American Green Treefrog

This week for Flora and Fauna Friday, we’ll be taking a look at the American Green Treefrog (Hyla cinerea).

The Green Treefrog is our most common Treefrog in the SC Lowcountry and there’s no exception on Edisto Island. They’re easy to tell apart from the other 5 species of Treefrog found in our area. Just look for that well-defined, solid white stripe down the side and smooth, solid green back that’s sometimes accented with a couple tiny yellow-orange dots. They’re most easily confused with the Squirrel Treefrog (Hyla squirella), which is less common, smaller, typically mottled on the back, and often has a poorly-defined stripe along its side.

Green Treefrogs aren’t picky about where they live. In fact, I found this immature Frog in the middle of a sandy field on one of the Edisto Island Open Land Trust’s protected properties. You’ve probably found them clinging to the windows of your home. As long as they’re someplace that’s humid and full of bugs, they’ll thrive. (I can think of no place that better fits that description than the Lowcountry!) To go into a little more detail, Green Treefrogs are amphibians. Like most amphibians, they need to stay near water to keep their skin moist and to reproduce. This means you’re most likely to find them in places like ditches, pond edges, wet depressions, freshwater marshes, and bottomland forests. If you find yourself in one of these habitats, chances are there’s a Green Treefrog somewhere within arm’s reach of you. During the day, they cling motionless, flush against the leaves of a reed, cattail, grass, or sedge. Unlike their name suggests, they’re not commonly found on trees like some of our other Treefrog species. Their flat body and solid green coloration provides great camouflage within the grasses of the wetlands they inhabit but sticks out against the dark bark of a tree.

Green Treefrogs are nocturnal. They spend the day sleeping on the side of a leaf to conserve water and energy, as well as to avoid predators. As dusk approaches, they begin to rouse. Night is when the air is the most humid and insects are the most active. A perfect hunting opportunity for an ambush predator like the Green Treefrog. Green Treefrogs follow insect activity, and when they find a plant, puddle, or something else that’s bringing in the bugs, they position themselves and wait for something to come to them. When an unsuspecting critter come into range, they lunge forward and grab it with their short, but sticky, tongue. This is why they’re a such common visitor to the porches of our homes. They’re there for the bugs! Nocturnal insects are drawn to the lights on the inside and outside of our homes. Green Treefrogs follow the insects. And, when morning rolls around, the nooks and crannies of our porches provide a nice shady retreat from the day’s heat.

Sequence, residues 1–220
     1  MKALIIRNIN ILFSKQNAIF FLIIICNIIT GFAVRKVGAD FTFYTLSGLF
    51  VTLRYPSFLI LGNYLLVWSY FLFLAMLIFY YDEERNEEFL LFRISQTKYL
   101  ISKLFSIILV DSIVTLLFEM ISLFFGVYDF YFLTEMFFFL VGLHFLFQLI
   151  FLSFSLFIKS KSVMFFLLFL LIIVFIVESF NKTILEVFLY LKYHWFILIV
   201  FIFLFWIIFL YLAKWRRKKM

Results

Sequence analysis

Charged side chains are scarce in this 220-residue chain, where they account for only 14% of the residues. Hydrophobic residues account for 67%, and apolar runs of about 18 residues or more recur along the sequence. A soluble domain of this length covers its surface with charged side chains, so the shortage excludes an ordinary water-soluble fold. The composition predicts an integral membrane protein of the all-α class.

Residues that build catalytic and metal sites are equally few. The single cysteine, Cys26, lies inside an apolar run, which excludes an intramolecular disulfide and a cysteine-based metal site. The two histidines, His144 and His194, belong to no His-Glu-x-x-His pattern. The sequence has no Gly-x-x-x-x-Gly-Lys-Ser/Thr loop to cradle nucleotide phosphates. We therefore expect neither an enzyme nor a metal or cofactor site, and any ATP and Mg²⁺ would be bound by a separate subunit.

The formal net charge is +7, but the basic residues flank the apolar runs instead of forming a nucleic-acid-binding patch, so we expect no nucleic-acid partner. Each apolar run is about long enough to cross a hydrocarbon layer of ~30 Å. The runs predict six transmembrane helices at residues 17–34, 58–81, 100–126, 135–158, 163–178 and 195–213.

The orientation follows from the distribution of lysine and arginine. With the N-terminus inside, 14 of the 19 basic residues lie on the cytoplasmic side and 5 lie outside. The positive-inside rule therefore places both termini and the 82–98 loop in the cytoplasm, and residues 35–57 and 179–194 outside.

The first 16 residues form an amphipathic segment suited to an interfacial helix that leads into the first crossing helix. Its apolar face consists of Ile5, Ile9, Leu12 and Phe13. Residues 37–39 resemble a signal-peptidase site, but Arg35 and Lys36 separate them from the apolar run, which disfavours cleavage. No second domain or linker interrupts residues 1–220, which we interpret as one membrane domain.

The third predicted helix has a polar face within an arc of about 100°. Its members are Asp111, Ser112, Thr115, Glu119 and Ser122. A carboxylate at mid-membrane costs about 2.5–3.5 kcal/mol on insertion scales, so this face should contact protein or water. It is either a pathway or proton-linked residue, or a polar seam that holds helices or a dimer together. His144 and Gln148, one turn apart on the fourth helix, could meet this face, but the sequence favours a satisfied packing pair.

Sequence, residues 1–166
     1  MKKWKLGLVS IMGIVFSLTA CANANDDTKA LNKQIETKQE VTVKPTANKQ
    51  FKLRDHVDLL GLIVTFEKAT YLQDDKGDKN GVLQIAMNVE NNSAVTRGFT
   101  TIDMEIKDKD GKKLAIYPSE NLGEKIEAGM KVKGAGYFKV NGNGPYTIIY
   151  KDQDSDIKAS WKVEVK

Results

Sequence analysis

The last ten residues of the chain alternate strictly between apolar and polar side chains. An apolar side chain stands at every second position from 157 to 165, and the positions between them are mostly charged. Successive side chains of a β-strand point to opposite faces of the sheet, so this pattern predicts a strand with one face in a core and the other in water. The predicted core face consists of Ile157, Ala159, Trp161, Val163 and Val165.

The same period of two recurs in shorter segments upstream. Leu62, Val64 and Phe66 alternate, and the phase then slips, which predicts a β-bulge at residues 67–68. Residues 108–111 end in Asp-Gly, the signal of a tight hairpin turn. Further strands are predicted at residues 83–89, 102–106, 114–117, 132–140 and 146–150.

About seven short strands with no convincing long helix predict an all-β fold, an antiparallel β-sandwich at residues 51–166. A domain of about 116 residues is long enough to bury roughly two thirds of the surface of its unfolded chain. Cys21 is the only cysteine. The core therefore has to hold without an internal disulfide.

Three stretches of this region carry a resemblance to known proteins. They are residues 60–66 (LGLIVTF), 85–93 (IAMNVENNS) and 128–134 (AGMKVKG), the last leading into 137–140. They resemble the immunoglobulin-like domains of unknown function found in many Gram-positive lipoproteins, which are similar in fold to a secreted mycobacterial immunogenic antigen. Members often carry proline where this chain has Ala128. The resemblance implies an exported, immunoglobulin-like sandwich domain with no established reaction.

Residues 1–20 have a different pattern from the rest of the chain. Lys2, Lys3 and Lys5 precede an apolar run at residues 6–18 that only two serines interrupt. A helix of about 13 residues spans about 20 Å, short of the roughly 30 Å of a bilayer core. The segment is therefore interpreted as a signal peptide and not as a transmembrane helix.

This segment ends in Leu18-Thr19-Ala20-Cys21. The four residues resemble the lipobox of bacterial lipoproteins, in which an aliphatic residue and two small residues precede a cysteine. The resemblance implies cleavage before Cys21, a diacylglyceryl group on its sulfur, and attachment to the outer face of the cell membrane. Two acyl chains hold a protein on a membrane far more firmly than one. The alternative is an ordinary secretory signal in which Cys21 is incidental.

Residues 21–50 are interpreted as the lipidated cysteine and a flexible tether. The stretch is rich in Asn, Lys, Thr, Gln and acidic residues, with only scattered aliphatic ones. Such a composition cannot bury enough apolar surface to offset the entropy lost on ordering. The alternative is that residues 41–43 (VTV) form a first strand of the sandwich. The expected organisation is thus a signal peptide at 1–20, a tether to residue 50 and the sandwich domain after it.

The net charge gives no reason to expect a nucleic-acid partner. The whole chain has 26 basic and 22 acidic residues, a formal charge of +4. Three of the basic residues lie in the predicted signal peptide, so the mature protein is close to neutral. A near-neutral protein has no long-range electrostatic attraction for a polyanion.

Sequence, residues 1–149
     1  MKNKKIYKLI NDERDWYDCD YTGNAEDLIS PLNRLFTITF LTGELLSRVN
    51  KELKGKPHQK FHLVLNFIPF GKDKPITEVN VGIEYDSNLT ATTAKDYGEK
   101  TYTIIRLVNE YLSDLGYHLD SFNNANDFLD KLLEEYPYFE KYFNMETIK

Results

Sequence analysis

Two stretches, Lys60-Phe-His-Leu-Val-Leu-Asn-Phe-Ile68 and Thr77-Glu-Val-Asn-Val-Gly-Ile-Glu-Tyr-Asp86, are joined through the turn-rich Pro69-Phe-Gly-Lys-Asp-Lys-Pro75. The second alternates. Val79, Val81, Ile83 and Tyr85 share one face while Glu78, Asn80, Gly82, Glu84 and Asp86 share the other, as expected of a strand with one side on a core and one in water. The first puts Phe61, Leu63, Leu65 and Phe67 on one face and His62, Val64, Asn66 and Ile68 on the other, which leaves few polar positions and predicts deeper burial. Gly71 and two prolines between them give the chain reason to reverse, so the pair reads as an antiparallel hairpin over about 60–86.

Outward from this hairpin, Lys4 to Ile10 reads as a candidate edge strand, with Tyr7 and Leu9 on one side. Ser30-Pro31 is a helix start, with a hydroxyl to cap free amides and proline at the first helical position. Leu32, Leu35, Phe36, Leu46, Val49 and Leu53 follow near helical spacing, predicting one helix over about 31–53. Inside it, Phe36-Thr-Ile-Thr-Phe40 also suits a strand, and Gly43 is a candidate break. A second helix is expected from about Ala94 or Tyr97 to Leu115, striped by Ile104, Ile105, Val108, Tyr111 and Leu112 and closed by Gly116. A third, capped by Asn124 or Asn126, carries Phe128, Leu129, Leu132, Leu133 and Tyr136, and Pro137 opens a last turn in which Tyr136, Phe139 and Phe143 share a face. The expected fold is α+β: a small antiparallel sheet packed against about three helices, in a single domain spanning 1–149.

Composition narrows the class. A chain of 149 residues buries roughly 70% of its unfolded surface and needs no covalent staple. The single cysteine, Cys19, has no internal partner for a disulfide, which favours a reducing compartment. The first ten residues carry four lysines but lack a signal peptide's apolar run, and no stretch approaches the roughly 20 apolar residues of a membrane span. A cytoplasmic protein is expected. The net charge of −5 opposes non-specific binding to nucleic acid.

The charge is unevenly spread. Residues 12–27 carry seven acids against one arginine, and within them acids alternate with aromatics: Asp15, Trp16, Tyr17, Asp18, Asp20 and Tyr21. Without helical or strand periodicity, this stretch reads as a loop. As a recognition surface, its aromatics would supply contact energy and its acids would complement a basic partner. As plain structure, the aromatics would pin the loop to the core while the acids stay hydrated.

Night-time is also the best time to find Green Treefrogs. Just follow your ears! Like all of our frogs and toads, male Green Treefrogs attract a mate by singing. Green Treefrogs are particularly vocal and make up the bulk of the nightly chorus you can hear in our area throughout the year. They have a simple but distinct call. It’s basically just the phrase “Beh!” repeated over and over at a somewhat high pitch, about 1-2 times a second. Green Treefrogs breed all spring, summer, and fall on the Island. If there’s a dry spell followed by a heavy summer rain, their nightly serenades can become deafening.

Green Treefrogs lay their eggs in ephemeral or shallow wetlands. Their preferred wetland breeding grounds are shallow or temporary enough to prevent fish from moving in. This allows most of the eggs to hatch and the tadpoles to grow enough to metamorphosis, without getting eaten first. Once the tadpoles become large enough, they metamorphose, and begin growing their legs and jaws while shrinking their tails. When metamorphosis is complete, a tiny Green Treefrog will emerge from the water and venture onto land, ready to grow up and start the life cycle over. Now is the time of year to keep an eye out for “baby” Treefrogs. It may not look like it, but this frog in the photo was less than an inch long and I’ve found a few fingernail sized Treefrogs in my yard this week.

So next time you’re fishing from the bank at your favorite watering hole or listening to an evening rain shower from your porch. Take a minute and try to spot a Green Treefrog in the reeds right beside you or cock your ear and pick out their beseeching sonata through the pattering of raindrops.

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